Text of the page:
The Chambermaid: Dirty Pretty Things, by David Bax
Hotels, especially luxury hotels, must be odd places to work. People scraping by on low wages grind through their workdays while occupying the same space as rich folks on vacation or traveling for their comparatively cushy jobs. That’s probably why there have been so many movies on the subject, from France (Benoît Jacquot’s A Single Girl; Pascale Ferran’s Bird People) to England (Stephen Frears’ Dirty Pretty Things) to the United States (Wayne Wang’s Maid in Manhattan). Now, with Lila Avilés’ stunning debut feature The Chambermaid, we can add Mexico to that list.
Eve (Gabriela Cartol) is a single mother who travels by bus two hours each way to work every day cleaning rooms at one of the fanciest hotels in Mexico City. Those details about her life outside of work are only gradually pieced together, though, since Avilés camera never leaves the hotel grounds. All we see of Eve is the part of her life where she not only works but takes GED-type classes, eats lunch, pines for items left behind in the lost and found and occasionally calls home to check on her son.
The Chambermaid can’t be said to have a plot so much as a rhythm. Momentum is built through our growing familiarity with Eve’s processes and rituals, both mandated (smoothing the covers of a freshly made bed with her broom handle) and private (ferreting pieces of popcorn away inside empty mint wrappers and lining them up along the window in the employee bathroom).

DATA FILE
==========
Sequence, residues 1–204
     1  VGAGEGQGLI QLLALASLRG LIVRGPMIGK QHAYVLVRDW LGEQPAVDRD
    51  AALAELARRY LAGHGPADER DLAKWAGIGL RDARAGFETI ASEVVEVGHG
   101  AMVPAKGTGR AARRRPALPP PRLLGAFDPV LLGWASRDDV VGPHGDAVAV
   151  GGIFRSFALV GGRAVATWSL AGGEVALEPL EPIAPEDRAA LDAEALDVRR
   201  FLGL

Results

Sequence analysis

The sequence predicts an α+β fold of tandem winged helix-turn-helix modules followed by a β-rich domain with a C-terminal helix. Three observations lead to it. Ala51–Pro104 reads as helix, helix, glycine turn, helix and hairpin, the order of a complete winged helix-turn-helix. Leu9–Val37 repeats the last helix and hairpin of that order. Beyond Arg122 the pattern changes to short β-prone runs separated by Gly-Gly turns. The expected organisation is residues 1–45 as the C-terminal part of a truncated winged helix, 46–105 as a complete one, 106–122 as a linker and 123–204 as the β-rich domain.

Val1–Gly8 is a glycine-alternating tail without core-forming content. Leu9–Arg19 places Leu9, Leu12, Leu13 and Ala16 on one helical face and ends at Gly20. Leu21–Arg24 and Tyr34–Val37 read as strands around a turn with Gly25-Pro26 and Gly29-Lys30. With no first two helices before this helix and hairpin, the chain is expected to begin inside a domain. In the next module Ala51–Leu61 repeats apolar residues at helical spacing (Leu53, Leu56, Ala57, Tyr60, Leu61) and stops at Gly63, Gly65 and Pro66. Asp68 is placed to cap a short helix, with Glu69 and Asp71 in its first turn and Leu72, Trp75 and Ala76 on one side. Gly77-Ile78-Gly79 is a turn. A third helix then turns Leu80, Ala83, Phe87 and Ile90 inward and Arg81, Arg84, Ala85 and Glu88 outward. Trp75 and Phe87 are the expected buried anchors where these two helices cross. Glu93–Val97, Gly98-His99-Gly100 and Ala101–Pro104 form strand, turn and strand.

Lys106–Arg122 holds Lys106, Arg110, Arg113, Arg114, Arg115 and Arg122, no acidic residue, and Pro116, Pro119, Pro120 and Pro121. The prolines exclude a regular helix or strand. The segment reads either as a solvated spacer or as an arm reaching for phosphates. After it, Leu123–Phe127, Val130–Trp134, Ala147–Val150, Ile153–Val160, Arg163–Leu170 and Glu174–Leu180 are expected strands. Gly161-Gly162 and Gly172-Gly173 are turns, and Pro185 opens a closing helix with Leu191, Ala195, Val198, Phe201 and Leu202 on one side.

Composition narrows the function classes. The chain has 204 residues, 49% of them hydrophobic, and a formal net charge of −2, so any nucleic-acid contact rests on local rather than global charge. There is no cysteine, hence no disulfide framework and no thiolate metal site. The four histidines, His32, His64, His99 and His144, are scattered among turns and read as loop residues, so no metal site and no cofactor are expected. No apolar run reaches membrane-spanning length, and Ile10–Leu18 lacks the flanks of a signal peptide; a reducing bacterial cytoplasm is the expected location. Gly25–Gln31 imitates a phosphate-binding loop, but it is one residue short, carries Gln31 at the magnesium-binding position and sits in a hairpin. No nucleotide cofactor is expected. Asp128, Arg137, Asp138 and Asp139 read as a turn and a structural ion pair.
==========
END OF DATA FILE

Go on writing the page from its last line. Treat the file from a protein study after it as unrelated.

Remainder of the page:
Avilés also creates a sense of forward motion aesthetically. Her tight, widescreen frame is almost comically at odds with the open, modernist high rise in which Eve toils. Stocking bathrooms with towels and toiletries, she repeatedly ducks in and out of the unmoving frame. These guidelines shift almost imperceptibly over time, though. What seems to be a strict rule against close-ups is eventually tested, if not broken. And, in one of the most striking moments, the heretofore unwavering gray and white color palette of the hotel is dashed when Eve gets a look at the soft reds and the warm wood of the penthouse suite.
That same understated confidence, along with a perfectly pitched performance by Cartol, is what gives the film its simmering tension. Eve’s fellow employees play a game in which they see how long they can hold onto a metal rod with a slowly increasing current of electricity running through it. The Chambermaid often feels just like that masochistic lark; something bad could befall Eve or any of her financially insecure colleagues at any moment and it’s forever possible that it’s already begun to happen without us or them realizing it.
As formally sound and rich as The Chambermaid is, Eve’s precariousness is the real, political heart of the movie. As we witness her guarded reserve in her work life, punctured by the warm extrovert she becomes when on the phone with her son or a friend, we understand that navigating the miniature hierarchies imposed by capitalism–not vacuuming or cleaning toilets–is her real job. And hard work and concepts like “deserve” have distressingly little to do with where any of us find ourselves at the end of the day.